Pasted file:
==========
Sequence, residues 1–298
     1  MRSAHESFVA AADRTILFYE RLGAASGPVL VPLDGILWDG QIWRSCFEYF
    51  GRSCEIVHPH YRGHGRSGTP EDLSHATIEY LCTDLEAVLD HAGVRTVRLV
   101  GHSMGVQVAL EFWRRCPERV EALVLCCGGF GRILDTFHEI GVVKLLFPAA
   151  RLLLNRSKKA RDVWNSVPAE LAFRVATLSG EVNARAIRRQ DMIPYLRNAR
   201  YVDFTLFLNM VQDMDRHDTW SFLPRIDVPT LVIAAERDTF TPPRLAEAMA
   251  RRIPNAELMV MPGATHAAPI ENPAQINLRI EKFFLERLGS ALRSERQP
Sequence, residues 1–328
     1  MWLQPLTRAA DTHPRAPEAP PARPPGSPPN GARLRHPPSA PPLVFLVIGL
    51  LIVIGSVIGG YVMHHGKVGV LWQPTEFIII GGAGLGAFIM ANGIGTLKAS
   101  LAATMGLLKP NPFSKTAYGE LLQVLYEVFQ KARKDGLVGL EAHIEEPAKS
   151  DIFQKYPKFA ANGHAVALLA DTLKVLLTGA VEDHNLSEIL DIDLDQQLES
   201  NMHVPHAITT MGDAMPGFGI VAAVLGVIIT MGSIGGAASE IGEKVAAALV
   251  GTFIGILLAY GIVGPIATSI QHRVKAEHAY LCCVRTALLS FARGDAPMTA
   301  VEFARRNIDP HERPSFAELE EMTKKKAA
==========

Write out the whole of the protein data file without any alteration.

Sequence, residues 1–298
     1  MRSAHESFVA AADRTILFYE RLGAASGPVL VPLDGILWDG QIWRSCFEYF
    51  GRSCEIVHPH YRGHGRSGTP EDLSHATIEY LCTDLEAVLD HAGVRTVRLV
   101  GHSMGVQVAL EFWRRCPERV EALVLCCGGF GRILDTFHEI GVVKLLFPAA
   151  RLLLNRSKKA RDVWNSVPAE LAFRVATLSG EVNARAIRRQ DMIPYLRNAR
   201  YVDFTLFLNM VQDMDRHDTW SFLPRIDVPT LVIAAERDTF TPPRLAEAMA
   251  RRIPNAELMV MPGATHAAPI ENPAQINLRI EKFFLERLGS ALRSERQP
Sequence, residues 1–328
     1  MWLQPLTRAA DTHPRAPEAP PARPPGSPPN GARLRHPPSA PPLVFLVIGL
    51  LIVIGSVIGG YVMHHGKVGV LWQPTEFIII GGAGLGAFIM ANGIGTLKAS
   101  LAATMGLLKP NPFSKTAYGE LLQVLYEVFQ KARKDGLVGL EAHIEEPAKS
   151  DIFQKYPKFA ANGHAVALLA DTLKVLLTGA VEDHNLSEIL DIDLDQQLES
   201  NMHVPHAITT MGDAMPGFGI VAAVLGVIIT MGSIGGAASE IGEKVAAALV
   251  GTFIGILLAY GIVGPIATSI QHRVKAEHAY LCCVRTALLS FARGDAPMTA
   301  VEFARRNIDP HERPSFAELE EMTKKKAA